Digital Salad: Glorious Mission And A Media Frenzy

You probably haven’t heard of Glorious Mission, yet its one of the biggest games out there. Glorious Mission is the Chinese army funded video game to rival the Battlefields and Call Of Dutys put out by American developers. An online focus, similar to its western counter-parts, has made headlines recently with a DLC due for release in August which will introduce a mission where players battle over the real-life disputed Diaoyu/Senkaku Islands. I thought I’d dive right in to the political minefield and take a look at the recent waves Glorious Mission has been causing.

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Glorious Mission is a hugely popular game, and similar to the US Army’s “America’s Army” that was developed by the Army, for the Army. The idea is to encourage recruits, and also as a related relaxation activity for soldiers to do in their spare time. Not that either developer would say it, of course, but video games are also a fantastic PR tool – projecting quite literally a “Glorious” image of the armed forces for an impressionable public to consume.

Glorious Mission might be a big game, but its unlike you’ll ever hear or see it outside of China. The same goes for America’s Army, which hardly dented markets even in the UK. That’s not really the point of these types of games though, they’re all about national pride.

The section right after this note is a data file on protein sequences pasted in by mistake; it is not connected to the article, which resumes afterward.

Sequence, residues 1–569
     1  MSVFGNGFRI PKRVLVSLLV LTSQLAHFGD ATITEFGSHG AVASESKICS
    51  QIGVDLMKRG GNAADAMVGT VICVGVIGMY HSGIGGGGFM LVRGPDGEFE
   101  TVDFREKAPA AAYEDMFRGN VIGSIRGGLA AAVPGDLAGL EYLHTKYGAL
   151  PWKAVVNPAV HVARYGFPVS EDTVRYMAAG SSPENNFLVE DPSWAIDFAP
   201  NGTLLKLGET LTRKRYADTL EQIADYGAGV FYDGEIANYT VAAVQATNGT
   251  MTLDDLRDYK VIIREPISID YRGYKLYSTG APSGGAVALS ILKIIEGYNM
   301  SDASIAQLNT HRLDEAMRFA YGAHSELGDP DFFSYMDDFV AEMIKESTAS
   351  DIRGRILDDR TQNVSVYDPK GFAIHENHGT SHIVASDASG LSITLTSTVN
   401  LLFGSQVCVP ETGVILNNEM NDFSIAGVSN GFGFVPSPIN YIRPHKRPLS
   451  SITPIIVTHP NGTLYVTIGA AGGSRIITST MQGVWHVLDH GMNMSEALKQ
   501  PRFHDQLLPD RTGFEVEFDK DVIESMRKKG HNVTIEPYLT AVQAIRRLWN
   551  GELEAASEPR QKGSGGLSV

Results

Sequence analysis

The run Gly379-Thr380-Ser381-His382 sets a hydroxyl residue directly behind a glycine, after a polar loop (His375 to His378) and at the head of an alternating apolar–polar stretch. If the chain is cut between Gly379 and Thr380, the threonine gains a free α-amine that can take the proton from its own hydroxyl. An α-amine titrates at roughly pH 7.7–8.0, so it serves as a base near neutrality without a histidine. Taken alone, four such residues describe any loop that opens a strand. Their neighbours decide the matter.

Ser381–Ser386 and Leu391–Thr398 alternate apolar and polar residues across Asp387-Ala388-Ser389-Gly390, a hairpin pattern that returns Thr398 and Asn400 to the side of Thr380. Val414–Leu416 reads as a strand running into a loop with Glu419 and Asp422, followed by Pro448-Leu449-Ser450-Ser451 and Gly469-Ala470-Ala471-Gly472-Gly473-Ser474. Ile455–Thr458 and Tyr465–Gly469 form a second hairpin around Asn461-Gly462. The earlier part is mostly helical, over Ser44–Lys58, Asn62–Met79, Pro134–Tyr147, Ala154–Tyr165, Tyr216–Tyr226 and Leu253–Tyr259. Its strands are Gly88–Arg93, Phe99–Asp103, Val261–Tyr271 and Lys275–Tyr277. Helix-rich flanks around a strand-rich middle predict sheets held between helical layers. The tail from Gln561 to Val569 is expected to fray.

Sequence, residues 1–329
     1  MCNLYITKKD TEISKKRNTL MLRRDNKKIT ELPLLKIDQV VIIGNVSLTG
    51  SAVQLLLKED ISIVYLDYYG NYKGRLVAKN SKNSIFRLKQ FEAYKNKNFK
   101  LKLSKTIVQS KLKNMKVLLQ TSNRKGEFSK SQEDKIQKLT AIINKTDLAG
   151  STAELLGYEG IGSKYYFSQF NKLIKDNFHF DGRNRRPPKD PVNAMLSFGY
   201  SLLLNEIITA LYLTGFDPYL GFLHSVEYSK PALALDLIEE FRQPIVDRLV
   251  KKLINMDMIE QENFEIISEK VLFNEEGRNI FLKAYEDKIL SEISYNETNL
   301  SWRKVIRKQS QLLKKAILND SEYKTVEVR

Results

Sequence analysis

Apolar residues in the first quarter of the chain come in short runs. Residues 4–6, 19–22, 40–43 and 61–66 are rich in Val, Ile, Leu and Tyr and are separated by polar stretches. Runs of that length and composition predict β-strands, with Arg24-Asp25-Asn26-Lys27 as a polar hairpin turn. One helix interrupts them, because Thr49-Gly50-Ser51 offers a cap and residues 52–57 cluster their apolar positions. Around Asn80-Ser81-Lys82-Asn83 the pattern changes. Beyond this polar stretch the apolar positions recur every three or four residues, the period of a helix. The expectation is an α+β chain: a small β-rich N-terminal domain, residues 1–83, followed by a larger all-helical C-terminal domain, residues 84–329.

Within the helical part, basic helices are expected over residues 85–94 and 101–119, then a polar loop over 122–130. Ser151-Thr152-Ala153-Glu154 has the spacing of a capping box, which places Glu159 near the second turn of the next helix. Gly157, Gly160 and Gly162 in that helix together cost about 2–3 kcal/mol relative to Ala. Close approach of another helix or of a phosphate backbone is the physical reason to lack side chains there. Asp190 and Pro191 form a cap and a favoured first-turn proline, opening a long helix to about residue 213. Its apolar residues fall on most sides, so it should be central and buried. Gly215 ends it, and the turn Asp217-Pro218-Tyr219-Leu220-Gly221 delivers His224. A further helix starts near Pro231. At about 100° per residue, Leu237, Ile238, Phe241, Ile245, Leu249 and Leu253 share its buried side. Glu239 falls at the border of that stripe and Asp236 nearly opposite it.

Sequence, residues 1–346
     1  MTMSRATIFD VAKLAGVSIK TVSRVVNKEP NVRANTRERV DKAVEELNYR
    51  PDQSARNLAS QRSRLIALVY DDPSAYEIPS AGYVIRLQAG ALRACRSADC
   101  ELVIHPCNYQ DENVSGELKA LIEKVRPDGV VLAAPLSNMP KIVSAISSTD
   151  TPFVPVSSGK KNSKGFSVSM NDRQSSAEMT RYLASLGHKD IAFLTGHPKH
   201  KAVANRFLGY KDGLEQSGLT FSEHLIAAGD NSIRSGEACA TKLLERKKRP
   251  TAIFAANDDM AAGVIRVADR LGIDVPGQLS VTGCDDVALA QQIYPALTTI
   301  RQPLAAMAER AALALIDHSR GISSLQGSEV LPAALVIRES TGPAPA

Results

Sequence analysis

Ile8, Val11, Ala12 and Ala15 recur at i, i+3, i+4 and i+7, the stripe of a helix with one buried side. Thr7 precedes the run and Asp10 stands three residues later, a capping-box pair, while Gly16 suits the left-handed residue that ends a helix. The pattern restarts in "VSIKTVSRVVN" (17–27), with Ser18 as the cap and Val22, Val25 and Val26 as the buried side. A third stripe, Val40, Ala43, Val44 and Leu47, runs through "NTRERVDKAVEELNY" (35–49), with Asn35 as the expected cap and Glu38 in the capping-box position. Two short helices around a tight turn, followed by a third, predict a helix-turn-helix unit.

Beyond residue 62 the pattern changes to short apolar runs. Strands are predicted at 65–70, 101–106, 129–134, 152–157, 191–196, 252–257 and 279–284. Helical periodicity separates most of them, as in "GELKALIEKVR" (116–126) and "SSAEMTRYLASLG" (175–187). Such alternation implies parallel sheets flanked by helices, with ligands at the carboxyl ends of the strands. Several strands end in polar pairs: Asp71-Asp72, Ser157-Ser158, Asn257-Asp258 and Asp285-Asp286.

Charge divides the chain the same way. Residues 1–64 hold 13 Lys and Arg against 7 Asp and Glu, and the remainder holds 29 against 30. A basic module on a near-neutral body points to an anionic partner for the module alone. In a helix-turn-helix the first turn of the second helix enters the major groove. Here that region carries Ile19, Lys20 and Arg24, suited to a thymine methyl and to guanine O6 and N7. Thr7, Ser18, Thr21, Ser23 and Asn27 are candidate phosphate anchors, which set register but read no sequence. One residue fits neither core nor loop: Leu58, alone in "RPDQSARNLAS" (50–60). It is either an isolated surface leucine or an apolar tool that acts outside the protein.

So why the media frenzy?

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It’s all about some small islands of just a few thousand acres and entirely uninhabited. It just so happens that these unsuspecting islands have some nice oil reserves under them, and lie right between Chinese and Japanese waters. That’s the sum of the decades old tension over the Diaoyu/Senkaku Islands (which name depends on your point of view). This being politics, the US supports the Japanese claim and you’ve got a recipe for disaster.

So, politics is business as usual, potentially fighting the next world war over an island of not much at all. Whats that got to do with gaming?

Well, the latest DLC for Glorious Mission will see players fighting over the Diaoyu/Senkaku Islands as the Chinese (see the screenshot above), killing the defending forces of Japan and the USA. That, needless to say, hasn’t gone down too well in Japan or the USA.

That said, have you seen the trailer for the latest Battlefield 4 DLC – China Rising?

Not a word has been said by the same media outlets that have ran stories about Glorious Mission’s upcoming DLC. But are these two DLCs all that different? Surely they are just different sides of the same coin.

Western gamers have been killing imaginary Russians and Chinese for decades, from the first Call Of Duties and Battlefields to break out of the WW2 mold and into the modern day. It can’t be all that shocking that the fledgling Chinese games industry is beginning to develop games from their perspective on the world.

Glorious Mission and it’s latest DLC is no threat, just as America’s Army is no threat to anyone. These games are designed as recruitment and PR tools domestically, nothing more. Many gamers play them, as with such large budgets they turn out as fairly decent offerings.

Glorious Mission has been an interesting new horizon for gaming. There have often been stories about how GTAs, etc, have inspired violence in countries. That is the start of politicising gaming. Glorious Mission’s DLC, and the outrage it caused in the west (legitimate or not), is one of the first games to be politicised internationally. Glorious Mission has become embroiled in international relations, something that games have rarely ever done so before. Whether that’s a good development or not remains to be seen!

 

Digital Salad – lifeasadigitalsalad.wordpress.com

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